Whenever it was time for summer vacation or the holiday recess, they would appear, their ears sporting a device from the bourgeois world on the other side of the fence - headphones from a popular portable music player. They would be pedaling to and fro on bicycles that they found along the way, naively thinking that they belonged to "everybody." At the pool, they would jump into the water haltingly, noses held.
These are the grandchildren of the founders of the kibbutz, whose sons and daughters had long left for the big city, or, even worse, left the country altogether. During vacations they would come for a visit with grandma and grandpa to allow their parents to rest and to let "the old folks" derive some pleasure from the offspring.
"The harbingers of vacation" was the sardonic nickname given by kibbutz members to the visiting grandchildren, the sons and daughters of parents who "betrayed the ideal."
Yonat Klein, who left her native Kibbutz Neve Ur years ago and relocated to the United States, was watching her three children, together with 30 other kids, hard at work cleaning their living quarters on the kibbutz. The children were joined by grandparents from the kibbutz, who staged the activity as part of their week-long "hosting of grandchildren" celebration.
As the pace of privatization has accelerated and the outside world has become less foreign, the visits by the children of "urbanites" have become far more frequent in the last 20 years.
The initiative conceived by a number of grandmothers and grandfathers at Neve Ur has evolved into an event for the entire family, which brings its children to the kibbutz for a series of fun-filled activities that range from yoga in the morning, to barbecues and bat-listening tours in the evening.
Ilana Rinot, a grandmother of 10 children who live off the kibbutz, is the brainchild behind "grandchildren week." The special attention with which she hosted her grandchildren every year led a number of her friends to consult with her in hopes of organizing an entire week that would include family-friendly activities beyond the usual routine of swimming pool to television to dining room.
The grandparents banded together for the task. After a number of meetings, each grandparent was assigned a specific role. One was responsible for preparing breakfast, another took on the job of readying dinner. Grandpa Zviki was in charge of the barbecue.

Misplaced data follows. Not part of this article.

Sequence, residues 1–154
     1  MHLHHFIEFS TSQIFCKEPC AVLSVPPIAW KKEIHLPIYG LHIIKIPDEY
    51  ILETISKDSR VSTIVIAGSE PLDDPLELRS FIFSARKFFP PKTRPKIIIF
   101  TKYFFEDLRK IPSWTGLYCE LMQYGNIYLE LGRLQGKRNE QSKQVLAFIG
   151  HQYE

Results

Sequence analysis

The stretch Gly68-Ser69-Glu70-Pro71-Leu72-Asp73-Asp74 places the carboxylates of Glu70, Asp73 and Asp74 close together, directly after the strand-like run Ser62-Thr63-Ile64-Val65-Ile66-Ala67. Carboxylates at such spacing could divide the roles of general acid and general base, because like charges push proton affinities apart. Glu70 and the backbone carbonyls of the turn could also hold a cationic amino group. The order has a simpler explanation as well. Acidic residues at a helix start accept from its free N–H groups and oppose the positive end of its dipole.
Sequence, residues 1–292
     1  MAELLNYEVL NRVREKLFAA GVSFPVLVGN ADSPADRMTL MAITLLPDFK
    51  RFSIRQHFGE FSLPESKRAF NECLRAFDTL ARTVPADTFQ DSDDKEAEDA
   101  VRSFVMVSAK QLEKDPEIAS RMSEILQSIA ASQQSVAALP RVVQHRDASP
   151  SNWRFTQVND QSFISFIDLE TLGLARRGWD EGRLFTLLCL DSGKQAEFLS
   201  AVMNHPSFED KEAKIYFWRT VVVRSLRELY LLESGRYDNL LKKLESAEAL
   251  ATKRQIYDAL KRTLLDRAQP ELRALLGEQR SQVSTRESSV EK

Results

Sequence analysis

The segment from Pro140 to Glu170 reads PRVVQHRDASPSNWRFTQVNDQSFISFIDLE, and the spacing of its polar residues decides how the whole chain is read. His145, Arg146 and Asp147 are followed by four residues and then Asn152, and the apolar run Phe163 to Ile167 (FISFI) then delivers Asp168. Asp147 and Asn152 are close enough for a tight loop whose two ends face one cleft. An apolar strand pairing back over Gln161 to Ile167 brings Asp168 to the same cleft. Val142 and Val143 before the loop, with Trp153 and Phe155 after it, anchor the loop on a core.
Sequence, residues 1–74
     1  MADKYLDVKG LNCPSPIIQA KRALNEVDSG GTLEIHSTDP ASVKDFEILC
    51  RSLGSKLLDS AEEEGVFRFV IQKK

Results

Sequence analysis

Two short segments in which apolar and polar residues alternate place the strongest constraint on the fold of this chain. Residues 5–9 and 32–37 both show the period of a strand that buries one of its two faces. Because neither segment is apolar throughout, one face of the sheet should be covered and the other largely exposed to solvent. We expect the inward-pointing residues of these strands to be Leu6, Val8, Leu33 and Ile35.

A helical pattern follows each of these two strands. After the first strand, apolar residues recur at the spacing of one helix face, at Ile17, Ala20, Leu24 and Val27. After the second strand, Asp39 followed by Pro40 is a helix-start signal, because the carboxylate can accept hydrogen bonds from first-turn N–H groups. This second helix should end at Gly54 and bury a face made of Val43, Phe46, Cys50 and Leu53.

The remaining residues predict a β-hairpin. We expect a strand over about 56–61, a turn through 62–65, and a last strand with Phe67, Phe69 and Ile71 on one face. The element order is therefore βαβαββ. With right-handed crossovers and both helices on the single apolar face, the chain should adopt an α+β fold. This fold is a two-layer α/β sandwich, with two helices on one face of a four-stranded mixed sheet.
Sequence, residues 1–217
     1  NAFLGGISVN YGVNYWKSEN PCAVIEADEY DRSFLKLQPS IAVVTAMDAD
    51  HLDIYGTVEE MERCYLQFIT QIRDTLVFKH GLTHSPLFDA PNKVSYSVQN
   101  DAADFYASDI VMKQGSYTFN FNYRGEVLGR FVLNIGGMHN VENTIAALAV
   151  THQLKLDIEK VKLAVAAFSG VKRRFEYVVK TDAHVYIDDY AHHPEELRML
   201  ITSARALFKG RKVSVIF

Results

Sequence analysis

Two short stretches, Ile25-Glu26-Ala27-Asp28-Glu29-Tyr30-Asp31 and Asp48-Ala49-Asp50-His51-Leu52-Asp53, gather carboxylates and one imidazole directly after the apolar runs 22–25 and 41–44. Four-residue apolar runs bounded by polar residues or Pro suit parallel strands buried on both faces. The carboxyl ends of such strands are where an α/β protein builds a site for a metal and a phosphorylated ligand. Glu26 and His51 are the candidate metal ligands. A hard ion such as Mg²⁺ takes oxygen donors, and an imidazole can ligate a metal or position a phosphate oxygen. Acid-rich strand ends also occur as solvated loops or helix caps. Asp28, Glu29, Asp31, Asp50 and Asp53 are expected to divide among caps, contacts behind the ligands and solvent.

At Kibbutz Sha'ar Hagolan, this year will mark its sixth "grandchildren week."
"The camp provides a good solution to parents who do not have any other options for their children since the camps offered in cities are mostly closed [in August]," said Nurit Katziri, the kibbutz member who began the initiative at Sha'ar Hagolan. "Beyond that, this is something that strengthens the bond between the grandchildren and the kibbutz, and it also offers that special dimension of allowing the children to experience something that their parents did."
At Neve Ur, the grandparents make sure to offer activities that are exclusively available on the kibbutz. "The program is comprised of activities that require limited means, but a lot of thought went into planning them," said Rinot. The plan includes camping out on the kibbutz lawn and sleeping in tents built the old-fashioned way - with ropes, stakes, and pegs.
"There are no purchased tents here," said Klein. "Everything is done through simple means, like it was before."
"This week gives a lot, not just to the grandchildren, but to us, the grandfathers and grandmothers," said Rinot.
Want to enjoy 'Zen' reading - with no ads and just the article? Subscribe todaySubscribe now